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The Experiential Supply Chain

Posted by Janie Ryan | August 13, 2018

First it was the industrial economy. Then, creeping into the 21st century we saw the rise of the service economy. Now, supply chains are being disrupted by the experience economy. Led by Millennials who demand both more customized experiences and more granular visibility into the lifecycle of their purchases, the experience economy is forcing huge changes in the way business is done.


Why now?

In the early 20th century Ford and other companies pioneered assembly lines, a game-changing manufacturing innovation that made the mass production of identical goods possible. But today’s customers are looking for something a little more unique, and their search for that something has disrupted the entire supply chain. There is a compelling value proposition for companies to meet the needs of the "market of one”—that is, when a customer feels special because they believe a company is trying hard to meet their needs.


Consumers, particularly Millennials, want to feel like individuals rather than mass consumers of assembly-line goods. But it goes deeper than that. The experience economy stems from consumers’ desire to feel closer to the source of their purchases and to feel that they are part of a new, socially responsible generation of shoppers. Think of an artisanal chocolate shop that hosts a chocolate and wine night, where participants can learn first-hand how cacao is sourced in fairly traded South American plantations and converted into bars using sustainable methods. Providing this kind of intimacy to customers depends on providing greater visibility into the entire supply chain. Thus, if you think creating an experience economy happens only at the storefront level, you’re mistaken.


In short, today’s shoppers care about more than price and availability; they want intimacy and the opportunity to be involved in the co-creation of a product.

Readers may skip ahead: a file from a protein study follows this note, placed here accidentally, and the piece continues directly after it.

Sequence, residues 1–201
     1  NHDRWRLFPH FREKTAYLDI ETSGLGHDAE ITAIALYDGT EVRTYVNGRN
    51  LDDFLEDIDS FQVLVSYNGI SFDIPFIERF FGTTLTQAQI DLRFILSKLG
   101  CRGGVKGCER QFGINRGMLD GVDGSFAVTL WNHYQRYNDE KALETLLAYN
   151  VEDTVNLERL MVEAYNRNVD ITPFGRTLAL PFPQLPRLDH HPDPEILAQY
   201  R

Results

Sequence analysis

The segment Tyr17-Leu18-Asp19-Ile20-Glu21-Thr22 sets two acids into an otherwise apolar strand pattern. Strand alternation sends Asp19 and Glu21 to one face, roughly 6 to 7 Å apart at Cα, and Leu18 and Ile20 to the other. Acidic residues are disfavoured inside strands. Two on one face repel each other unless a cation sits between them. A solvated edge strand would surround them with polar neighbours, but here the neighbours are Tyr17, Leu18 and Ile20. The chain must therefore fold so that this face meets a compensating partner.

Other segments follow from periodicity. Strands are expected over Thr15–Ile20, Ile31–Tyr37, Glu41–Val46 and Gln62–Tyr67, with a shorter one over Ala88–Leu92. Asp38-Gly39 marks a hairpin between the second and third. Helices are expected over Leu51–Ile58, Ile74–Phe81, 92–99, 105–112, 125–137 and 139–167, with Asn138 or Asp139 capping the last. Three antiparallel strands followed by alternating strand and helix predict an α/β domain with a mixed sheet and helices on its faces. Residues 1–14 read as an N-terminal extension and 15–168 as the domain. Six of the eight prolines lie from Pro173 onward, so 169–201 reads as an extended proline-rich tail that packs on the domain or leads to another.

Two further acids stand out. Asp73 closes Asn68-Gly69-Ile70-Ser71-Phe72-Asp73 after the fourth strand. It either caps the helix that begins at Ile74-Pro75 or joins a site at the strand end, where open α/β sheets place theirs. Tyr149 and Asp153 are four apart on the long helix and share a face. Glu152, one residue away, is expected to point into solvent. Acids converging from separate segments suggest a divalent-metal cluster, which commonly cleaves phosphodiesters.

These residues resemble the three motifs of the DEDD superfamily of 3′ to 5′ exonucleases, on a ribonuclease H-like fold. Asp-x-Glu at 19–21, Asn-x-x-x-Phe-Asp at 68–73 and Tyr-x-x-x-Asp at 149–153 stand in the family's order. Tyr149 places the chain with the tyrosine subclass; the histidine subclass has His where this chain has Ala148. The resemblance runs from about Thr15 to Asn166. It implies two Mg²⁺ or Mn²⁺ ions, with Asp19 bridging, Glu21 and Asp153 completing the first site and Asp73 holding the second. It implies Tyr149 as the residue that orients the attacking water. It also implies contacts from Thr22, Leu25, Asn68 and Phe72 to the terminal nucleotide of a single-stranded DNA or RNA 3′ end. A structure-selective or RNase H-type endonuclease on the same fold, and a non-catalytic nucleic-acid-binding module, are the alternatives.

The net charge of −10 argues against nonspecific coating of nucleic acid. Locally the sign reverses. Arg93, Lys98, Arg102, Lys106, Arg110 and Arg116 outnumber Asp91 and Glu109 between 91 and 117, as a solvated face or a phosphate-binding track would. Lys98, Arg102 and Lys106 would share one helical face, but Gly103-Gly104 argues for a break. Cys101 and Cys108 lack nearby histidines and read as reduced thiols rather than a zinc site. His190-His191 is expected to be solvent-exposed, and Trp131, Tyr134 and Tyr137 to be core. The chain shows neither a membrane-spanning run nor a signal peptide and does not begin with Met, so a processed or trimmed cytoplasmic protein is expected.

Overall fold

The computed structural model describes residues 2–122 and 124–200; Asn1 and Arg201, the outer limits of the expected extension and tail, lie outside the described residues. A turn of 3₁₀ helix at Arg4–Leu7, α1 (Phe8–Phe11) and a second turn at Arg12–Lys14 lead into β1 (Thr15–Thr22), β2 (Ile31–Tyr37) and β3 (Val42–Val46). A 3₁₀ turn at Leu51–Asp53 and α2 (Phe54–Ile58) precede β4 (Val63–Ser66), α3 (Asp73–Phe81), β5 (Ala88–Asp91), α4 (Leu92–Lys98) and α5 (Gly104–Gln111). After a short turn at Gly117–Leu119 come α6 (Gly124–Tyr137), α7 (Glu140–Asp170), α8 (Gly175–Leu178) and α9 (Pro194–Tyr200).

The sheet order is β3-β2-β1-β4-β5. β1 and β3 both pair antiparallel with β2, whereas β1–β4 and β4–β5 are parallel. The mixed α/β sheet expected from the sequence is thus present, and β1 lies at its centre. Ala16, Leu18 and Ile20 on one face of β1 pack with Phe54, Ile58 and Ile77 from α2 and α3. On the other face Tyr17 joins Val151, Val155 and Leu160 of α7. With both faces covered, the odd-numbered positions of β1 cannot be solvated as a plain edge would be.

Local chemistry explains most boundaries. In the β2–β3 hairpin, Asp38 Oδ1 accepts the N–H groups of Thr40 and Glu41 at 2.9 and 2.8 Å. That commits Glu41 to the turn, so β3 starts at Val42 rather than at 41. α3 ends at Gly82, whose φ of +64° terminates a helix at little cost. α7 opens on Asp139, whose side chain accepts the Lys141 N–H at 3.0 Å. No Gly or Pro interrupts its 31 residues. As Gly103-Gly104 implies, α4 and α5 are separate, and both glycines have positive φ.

What it Takes for Today’s Brands to Compete

While experts are heralding the “end of retail,” many businesses are actually opening more physical stores. Why? It’s got a lot to do with the needs of this new experience economy. Ecommerce is on the rise because it offers unprecedented convenience. But this doesn’t mean people want to conduct all of their shopping through the click of a mouse. Rather, they want to touch, photograph, and try things on for size—and still have the option of placing an order online that will arrive on their doorstep in a day. Businesses should creatively mix experience and convenience, all while combining online and offline shopping experiences to offer flexibility. But this will require seamless logistics and informed planning to ensure that stock is in the right place at the right time to meet demand.


IKEA and clothing brand Bonobos are two examples of traditional retailers that cleverly maneuvered their businesses to offer an experiential shopping platform. And the kind of customization and product-interaction they offer isn’t limited to everyday brands. Recently, Barneys in New York held a two-day event called "the Drop," which featured tattoo artists and piercers, custom sneakers and T-shirt bars, and streetwear brands like Off-White and Fear of God. The event was a huge success, attracting younger shoppers who had never before been to a Barneys location. At the end of two days, the Drop had drawn 12,000 shoppers to the store and increased year-over-year revenue by 30 percent.


Barneys New York CEO said it best in the Wall Street Journal: "We’re in the entertainment business. We’re in the personalization business. We’re in the services business. We’re in the food business. We also know the consumer does want that social connection, and it takes place in actual environments and physical spaces—stores, restaurants, fitting rooms.” This ability to pivot when needed—focusing on catering to the customer’s individual needs rather than trying to sell them a prepackaged product—will be the make-or-break factor for several industries in the coming years.




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